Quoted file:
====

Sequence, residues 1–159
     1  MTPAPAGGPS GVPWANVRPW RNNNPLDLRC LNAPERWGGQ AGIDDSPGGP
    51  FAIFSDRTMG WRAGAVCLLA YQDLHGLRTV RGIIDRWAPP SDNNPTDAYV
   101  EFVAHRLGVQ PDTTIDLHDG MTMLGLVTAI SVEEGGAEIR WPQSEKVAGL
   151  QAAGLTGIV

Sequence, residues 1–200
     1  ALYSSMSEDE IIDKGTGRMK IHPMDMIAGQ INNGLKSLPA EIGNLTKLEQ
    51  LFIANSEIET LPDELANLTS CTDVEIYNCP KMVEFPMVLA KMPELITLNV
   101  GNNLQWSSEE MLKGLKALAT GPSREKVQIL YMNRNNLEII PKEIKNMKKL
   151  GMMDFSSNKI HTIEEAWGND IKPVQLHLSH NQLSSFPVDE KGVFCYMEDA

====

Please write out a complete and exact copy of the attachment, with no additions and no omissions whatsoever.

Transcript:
Sequence, residues 1–159
     1  MTPAPAGGPS GVPWANVRPW RNNNPLDLRC LNAPERWGGQ AGIDDSPGGP
    51  FAIFSDRTMG WRAGAVCLLA YQDLHGLRTV RGIIDRWAPP SDNNPTDAYV
   101  EFVAHRLGVQ PDTTIDLHDG MTMLGLVTAI SVEEGGAEIR WPQSEKVAGL
   151  QAAGLTGIV

Sequence, residues 1–200
     1  ALYSSMSEDE IIDKGTGRMK IHPMDMIAGQ INNGLKSLPA EIGNLTKLEQ
    51  LFIANSEIET LPDELANLTS CTDVEIYNCP KMVEFPMVLA KMPELITLNV
   101  GNNLQWSSEE MLKGLKALAT GPSREKVQIL YMNRNNLEII PKEIKNMKKL
   151  GMMDFSSNKI HTIEEAWGND IKPVQLHLSH NQLSSFPVDE KGVFCYMEDA